Do’s and Don’ts: WWOOFing


It’s become a rite of passage for college grads, gap year kids, and the agri-curious of all ages to spend a few weeks or months WWOOFing (World Wide Opportunities on Organic Farms) overseas.

A London secretary invented WWOOF in 1971, when she and three friends volunteered on an organic farm in Sussex for a weekend. Now, as many as 75,000 WWOOFers a year venture to four dozen nations on six continents for a taste of authentic farming life. They work at least four hours per day in exchange for rustic room-and-board provided by their hosts. Keep these Do’s and Don’ts in mind if you want to have a stellar WWOOFing experience.


DO: Establish criteria. What kind of experience are you looking for? Want to work with goats? Harvest grapes? Gather wild herbs for market? Learn how to build stone walls or cook the local cuisine? Use your goals to narrow the focus of your search.

DO: Be realistic about your time. How long do you want to spend working on a farm versus traveling footloose? As a WWOOFer, you’ll have afternoons, evenings and weekends free, yet you’ll have to be ready to farm again by morning. But there’s flexibility, too. My wife and I worked a full day once so we could take the next day off to loll around at a backwoods hot spring.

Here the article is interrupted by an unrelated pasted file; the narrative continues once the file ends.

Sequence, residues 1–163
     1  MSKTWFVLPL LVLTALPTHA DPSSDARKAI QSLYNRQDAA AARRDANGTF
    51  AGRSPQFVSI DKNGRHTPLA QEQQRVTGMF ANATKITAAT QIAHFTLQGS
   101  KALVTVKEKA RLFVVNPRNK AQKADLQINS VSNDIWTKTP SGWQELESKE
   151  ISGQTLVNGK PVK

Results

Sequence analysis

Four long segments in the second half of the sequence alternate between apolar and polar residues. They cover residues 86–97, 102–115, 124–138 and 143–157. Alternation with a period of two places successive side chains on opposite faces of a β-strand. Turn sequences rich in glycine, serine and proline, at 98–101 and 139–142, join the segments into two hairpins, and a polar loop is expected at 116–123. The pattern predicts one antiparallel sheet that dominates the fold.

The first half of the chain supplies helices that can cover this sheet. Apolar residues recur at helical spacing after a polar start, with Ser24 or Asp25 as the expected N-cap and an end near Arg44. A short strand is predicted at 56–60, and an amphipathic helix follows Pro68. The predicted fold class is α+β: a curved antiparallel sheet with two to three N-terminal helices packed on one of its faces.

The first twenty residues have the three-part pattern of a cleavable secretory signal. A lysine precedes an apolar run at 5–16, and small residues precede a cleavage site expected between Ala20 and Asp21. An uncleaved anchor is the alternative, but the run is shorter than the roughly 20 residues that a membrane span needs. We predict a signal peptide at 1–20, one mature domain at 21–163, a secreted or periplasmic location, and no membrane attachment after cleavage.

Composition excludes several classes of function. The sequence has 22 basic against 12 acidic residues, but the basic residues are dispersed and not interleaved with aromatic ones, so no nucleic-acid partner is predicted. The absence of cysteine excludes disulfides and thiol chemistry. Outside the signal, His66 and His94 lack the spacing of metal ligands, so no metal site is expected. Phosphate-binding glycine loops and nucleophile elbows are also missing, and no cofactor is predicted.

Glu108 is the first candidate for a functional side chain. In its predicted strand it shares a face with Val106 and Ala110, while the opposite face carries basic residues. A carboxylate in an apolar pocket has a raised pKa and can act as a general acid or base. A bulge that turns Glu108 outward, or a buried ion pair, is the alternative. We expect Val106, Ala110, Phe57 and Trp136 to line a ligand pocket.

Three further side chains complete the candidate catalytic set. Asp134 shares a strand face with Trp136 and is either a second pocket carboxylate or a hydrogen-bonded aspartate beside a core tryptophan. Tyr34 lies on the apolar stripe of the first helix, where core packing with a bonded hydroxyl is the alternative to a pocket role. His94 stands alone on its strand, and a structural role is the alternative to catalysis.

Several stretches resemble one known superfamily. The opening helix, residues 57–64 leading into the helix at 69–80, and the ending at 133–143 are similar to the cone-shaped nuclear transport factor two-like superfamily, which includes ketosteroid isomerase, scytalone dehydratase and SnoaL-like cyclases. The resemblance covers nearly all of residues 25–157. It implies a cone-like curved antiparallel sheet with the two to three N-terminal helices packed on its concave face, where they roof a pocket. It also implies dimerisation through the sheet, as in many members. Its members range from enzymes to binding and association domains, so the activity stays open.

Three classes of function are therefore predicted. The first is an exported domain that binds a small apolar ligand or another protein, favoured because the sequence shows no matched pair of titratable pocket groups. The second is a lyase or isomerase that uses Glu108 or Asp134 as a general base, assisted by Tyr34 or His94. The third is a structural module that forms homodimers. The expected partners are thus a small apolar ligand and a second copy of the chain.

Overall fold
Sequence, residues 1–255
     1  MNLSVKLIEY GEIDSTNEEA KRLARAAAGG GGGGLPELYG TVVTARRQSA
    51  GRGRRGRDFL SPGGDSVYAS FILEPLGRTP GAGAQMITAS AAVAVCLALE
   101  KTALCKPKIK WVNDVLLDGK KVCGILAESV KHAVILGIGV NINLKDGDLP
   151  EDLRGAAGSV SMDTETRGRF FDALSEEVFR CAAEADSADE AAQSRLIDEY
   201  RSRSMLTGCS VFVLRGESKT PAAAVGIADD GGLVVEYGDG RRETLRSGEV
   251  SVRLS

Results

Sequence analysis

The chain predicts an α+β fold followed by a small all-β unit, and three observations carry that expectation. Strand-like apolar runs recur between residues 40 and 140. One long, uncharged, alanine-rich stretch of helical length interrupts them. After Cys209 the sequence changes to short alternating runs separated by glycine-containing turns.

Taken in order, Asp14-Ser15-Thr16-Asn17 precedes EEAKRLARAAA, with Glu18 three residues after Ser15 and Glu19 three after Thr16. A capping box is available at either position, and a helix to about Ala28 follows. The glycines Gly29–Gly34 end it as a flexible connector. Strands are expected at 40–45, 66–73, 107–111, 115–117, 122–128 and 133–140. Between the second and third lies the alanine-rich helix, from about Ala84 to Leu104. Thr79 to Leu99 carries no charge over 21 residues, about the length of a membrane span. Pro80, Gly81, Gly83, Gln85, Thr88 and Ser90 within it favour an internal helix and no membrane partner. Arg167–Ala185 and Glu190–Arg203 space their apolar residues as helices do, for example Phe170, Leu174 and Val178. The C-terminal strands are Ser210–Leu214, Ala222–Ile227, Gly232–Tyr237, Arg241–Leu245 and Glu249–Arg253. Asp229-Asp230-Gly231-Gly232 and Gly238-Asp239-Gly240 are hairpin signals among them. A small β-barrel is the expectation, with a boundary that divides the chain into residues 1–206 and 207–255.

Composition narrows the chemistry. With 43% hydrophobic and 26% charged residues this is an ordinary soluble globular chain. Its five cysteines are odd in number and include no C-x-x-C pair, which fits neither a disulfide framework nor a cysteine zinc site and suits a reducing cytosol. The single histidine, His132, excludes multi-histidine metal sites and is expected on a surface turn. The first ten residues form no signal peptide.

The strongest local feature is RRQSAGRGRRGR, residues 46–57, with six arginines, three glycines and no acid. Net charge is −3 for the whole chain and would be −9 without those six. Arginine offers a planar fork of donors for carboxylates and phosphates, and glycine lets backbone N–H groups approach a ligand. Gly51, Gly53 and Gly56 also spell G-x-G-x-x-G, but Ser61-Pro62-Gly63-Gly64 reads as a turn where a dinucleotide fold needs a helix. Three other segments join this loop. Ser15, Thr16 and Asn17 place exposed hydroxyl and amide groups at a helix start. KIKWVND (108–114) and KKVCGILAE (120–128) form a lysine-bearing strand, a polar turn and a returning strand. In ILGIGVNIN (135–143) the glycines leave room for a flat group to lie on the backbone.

DO: Exercise due diligence. Choosing the right WWOOF farm is a bit like finding the right person on an Internet matchmaking site. Avoid committing to a “date” that disappoints by exchanging a few emails — and perhaps even scheduling a Skype session — to establish rapport and nail down mutual expectations.

DO: Choose a meaningful location. You may want to find a farm that’s near hiking trails or close enough for day trips to important sites, or has easy access to a train station. You may choose one that employs a language you know or want to learn. We worked on a farm in Provence that was a 15-minute walk from the Mediterranean Sea, and another farm in gorgeous Tuscany (but distant from its “Chianti-shire” tourist zone). I know a schoolteacher who spends her summers WWOOFing in New England to get away from the sticky Deep South. Hate winter? January and February have summer weather in the southern hemisphere.

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